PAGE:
Musicians often earn their living from several different sources: fees from concerts, a teacher’s salary from the music school, fees for commissioned works, or remuneration collected by SUISA on their behalf.
The different cantonal compensation offices have no uniform position on whether the remuneration distributed by SUISA qualifies as income from gainful self-employment – which would be subject to AHV/AVS contributions.
AHV/AVS – mandatory insurance for all
All Swiss residents and persons gainfully employed in Switzerland are subject to mandatory retirement, disability, and survivors’ insurance. And all those insured (except children) are accordingly required to pay social security (AHV/AVS) contributions. The contributions are normally assessed on the income earned from gainful employment.
For persons who are gainfully self-employed, contributions are assessed on the income earned from one’s own entrepreneurial, commercial, or business activities.
In principle, the following guidelines apply: AHV/AVS contributions must be paid on the earnings declared in one’s tax return. This is not the case for income from capital investments or real property, for example, which is taxable income but is not subject to AHV/AVS contributions.
Royalties: income from employment or from capital investment?
For SVA Zurich, the social security institution, royalties basically qualify as income from self-employment and should be declared accordingly. As a result, authors must register as self-employeds.
SVA Zurich does, however, make a distinction between authors who actively exploit their works and authors who do not. Authors who actively exploit their works after creating them (e.g. as a member of a band playing its own compositions) qualify as gainfully employed. This includes collective administration by SUISA. The earnings from such gainful employment are subject to AHV/AVS contributions.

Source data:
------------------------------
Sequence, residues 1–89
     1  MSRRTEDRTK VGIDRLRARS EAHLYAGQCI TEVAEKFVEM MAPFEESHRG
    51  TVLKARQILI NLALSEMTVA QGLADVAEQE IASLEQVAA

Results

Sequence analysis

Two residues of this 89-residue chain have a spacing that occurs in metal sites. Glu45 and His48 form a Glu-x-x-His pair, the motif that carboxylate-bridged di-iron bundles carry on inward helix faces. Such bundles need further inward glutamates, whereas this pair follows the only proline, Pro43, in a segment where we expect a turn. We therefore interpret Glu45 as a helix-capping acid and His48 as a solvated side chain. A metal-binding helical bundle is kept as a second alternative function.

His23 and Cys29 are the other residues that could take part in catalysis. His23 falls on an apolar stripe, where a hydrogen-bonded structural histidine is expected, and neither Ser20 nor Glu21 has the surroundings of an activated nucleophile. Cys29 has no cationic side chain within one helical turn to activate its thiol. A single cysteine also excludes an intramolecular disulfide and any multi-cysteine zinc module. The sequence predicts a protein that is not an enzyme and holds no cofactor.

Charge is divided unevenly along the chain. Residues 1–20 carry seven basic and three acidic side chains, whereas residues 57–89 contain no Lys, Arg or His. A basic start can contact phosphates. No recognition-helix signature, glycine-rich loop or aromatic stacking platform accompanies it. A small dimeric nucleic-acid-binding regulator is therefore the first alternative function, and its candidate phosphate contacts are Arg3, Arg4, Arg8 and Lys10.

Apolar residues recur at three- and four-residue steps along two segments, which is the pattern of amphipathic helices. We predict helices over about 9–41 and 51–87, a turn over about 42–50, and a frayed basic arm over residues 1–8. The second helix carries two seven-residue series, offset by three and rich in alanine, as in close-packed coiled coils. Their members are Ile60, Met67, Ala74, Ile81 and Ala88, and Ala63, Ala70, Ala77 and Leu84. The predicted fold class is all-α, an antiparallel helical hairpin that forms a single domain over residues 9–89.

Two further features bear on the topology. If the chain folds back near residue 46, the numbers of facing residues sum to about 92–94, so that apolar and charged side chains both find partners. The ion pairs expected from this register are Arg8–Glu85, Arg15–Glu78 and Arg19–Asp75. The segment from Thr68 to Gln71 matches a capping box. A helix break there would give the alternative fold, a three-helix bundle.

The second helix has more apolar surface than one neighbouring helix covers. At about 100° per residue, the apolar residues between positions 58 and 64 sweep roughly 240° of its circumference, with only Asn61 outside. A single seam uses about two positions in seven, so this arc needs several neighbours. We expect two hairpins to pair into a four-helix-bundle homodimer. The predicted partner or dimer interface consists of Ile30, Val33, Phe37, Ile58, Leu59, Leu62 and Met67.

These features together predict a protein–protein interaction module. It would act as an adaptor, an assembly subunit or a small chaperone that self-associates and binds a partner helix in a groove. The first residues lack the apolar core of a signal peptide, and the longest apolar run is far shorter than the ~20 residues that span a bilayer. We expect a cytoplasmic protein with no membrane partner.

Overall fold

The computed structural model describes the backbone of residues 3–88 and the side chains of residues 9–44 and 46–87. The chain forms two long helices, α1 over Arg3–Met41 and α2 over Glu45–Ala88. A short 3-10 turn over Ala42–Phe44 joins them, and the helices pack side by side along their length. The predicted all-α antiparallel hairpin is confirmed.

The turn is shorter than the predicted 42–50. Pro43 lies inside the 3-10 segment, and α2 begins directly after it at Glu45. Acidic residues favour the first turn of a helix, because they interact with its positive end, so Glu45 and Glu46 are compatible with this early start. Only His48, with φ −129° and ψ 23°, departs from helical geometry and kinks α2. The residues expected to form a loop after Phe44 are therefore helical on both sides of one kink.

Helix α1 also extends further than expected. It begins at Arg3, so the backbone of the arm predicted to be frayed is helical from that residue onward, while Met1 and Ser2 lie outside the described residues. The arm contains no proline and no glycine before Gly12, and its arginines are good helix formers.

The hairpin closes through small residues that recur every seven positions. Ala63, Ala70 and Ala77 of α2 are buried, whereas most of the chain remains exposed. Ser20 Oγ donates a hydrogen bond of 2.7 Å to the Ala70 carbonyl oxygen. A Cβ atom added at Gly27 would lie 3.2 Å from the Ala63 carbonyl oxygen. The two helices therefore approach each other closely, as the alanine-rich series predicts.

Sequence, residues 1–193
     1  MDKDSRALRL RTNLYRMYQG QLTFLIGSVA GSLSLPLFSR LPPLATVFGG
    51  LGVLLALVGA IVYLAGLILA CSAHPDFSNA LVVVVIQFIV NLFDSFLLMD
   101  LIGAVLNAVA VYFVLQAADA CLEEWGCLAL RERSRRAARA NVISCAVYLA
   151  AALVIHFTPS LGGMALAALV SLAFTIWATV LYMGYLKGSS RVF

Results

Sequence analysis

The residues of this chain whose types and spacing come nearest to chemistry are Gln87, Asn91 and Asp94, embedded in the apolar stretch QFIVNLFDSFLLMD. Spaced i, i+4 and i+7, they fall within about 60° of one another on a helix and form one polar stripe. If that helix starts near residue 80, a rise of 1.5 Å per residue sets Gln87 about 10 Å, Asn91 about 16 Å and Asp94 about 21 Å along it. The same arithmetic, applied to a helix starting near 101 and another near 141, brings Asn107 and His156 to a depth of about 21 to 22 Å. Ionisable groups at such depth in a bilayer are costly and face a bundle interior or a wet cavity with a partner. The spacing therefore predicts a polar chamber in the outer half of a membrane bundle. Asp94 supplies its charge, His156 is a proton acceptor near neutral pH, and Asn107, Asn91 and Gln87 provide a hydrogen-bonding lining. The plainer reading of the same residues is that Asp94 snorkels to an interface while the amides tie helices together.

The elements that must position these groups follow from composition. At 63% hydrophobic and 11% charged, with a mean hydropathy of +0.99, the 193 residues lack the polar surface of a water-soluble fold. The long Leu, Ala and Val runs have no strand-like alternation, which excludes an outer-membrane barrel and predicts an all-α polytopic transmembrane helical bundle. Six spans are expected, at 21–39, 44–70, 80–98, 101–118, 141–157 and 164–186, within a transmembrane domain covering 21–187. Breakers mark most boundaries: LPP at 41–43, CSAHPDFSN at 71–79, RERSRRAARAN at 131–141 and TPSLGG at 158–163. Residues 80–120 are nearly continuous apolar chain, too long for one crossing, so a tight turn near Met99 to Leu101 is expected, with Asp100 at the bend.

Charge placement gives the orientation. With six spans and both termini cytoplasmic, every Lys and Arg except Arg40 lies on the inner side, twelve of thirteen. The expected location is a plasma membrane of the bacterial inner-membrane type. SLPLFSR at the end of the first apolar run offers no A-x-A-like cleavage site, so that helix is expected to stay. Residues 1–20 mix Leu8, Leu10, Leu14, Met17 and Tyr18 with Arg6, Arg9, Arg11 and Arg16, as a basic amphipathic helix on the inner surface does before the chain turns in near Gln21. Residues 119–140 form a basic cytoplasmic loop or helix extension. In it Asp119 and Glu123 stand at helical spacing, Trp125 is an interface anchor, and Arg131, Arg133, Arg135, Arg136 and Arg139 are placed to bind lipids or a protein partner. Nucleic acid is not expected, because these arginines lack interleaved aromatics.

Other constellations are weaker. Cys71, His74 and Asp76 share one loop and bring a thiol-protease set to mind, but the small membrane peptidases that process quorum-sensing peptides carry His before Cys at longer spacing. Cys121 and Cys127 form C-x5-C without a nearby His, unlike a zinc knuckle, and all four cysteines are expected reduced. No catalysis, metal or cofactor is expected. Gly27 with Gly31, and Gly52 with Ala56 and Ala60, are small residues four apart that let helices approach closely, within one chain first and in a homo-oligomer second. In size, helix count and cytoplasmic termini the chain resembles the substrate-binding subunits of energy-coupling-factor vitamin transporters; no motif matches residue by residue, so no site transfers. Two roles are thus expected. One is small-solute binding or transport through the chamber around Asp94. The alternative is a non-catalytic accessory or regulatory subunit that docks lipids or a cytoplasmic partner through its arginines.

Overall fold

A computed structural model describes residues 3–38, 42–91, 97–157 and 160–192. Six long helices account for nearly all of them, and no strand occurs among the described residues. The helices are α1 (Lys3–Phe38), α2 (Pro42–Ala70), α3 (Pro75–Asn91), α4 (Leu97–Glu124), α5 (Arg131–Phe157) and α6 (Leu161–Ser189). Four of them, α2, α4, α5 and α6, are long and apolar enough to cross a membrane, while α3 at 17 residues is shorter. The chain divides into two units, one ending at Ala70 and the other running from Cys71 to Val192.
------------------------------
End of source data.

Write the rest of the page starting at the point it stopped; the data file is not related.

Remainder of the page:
The subsequent royalties received by authors who do not actively exploit their works after creating them, on the other hand, qualify as income from capital investments, and are not subject to AHV/AVS contributions.
In summary, for SVA Zurich what is decisive is whether an author participates in the performance of the works or merely “reaps” the proceeds from his earlier compositions.
Different practice from one canton to the other
Whether AHV/AVS contributions are payable on remuneration distributed by the collecting societies is decided differently by the compensation offices depending on who is asking, and the amount involved.
Unlike SVA Zurich, the compensation office of the canton of Vaud, for example, holds that remuneration for the creation of works is by definition subject to AHV/AVS contributions, while the remuneration from subsequent uses distributed by the collecting societies qualifies as capital gains and is not subject to social security contributions. It follows, therefore, that none of the remuneration distributed by the collecting societies is subject to AHV/AVS contributions.
The different approaches taken by each Canton as to the obligation to pay AHV/AVS contributions for copyright royalties does not provide any legal certainty and is unsatisfactory. The assessment of this social security issue ultimately lies with the compensation funds, not the collective management organisations. For this reason, Swiss collective management organisations recommend that their members clarify the obligation to pay AHV/AVS contributions directly with their compensation fund providers or consult a tax advisor. SUISA cannot offer any further consulting services in this area.